Adding structure to web content makes it more readable and comprehensible to everyone and especially to people with a visual or cognitive impairment that makes reading on-screen content difficult.
The purpose of HTML is to give structure to otherwise seamless runs of text. HTML allows us to provide semantic meaning to text so that it's available to assistive technologies.
In the diagram, three versions of a web page are illustrated. From left to right, they increase in structural clarity.
The first (left-most) example imagines a web page with no structural block-level elements at all. That would be a dense and frustrating read, especially for those using assistive technologies who would have no choice but to start at the beginning and read the whole content.
The second example improves on the first by dividing the mass of text into distinct, reasonably small paragraphs. Paragraphs divide groups of sentences thematically, aiding comprehension.
The third example is optimally structured using paragraphs, headings, and lists to give form to the content. Headings divide the content into larger sections than paragraphs and simultaneously label those sections. They can be used as a navigation aid by screen reader users who can, for example, skip past a section that doesn't interest them by pressing the "h" key to take them to the next heading.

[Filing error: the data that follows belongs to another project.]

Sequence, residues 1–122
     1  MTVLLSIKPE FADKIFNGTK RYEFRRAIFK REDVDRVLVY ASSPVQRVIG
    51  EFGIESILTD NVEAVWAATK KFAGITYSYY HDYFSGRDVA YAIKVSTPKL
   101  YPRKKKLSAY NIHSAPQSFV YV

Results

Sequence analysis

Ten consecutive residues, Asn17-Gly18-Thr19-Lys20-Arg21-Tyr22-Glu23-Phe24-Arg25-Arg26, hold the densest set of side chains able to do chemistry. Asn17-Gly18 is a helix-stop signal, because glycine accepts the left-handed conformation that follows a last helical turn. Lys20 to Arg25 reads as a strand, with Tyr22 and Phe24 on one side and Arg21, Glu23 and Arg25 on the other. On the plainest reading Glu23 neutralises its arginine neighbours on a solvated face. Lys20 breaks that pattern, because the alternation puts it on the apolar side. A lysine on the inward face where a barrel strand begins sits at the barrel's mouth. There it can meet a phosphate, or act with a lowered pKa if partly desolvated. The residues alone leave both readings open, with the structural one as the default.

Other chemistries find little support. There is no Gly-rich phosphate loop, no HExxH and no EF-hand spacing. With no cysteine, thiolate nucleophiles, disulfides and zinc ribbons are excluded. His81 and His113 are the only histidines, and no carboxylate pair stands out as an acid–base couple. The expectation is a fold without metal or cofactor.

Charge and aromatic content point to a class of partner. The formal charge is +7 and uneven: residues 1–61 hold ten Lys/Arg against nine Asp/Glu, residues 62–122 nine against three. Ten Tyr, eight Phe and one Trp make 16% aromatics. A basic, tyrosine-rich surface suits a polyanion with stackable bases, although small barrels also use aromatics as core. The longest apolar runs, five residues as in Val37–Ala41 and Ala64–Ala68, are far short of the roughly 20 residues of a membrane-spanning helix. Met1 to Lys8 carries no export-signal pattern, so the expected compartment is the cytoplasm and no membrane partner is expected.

Lists aid comprehension by grouping together short, digestible pieces of information, and they can be used to summarize the salient points in the preceding body text. Lists are announced and enumerated in assistive technologies.
You don't have to be able to write HTML in order to create well-structured web content—most web content editors provide features to allow you to give text semantic meaning, so make sure you use them over features that only provide visual styling.
Code editor: Markdown
One way to easily write structured content that outputs as HTML is to use Markdown syntax. This code editor is set up for Markdown so you can play with the syntax and see the HTML output it creates.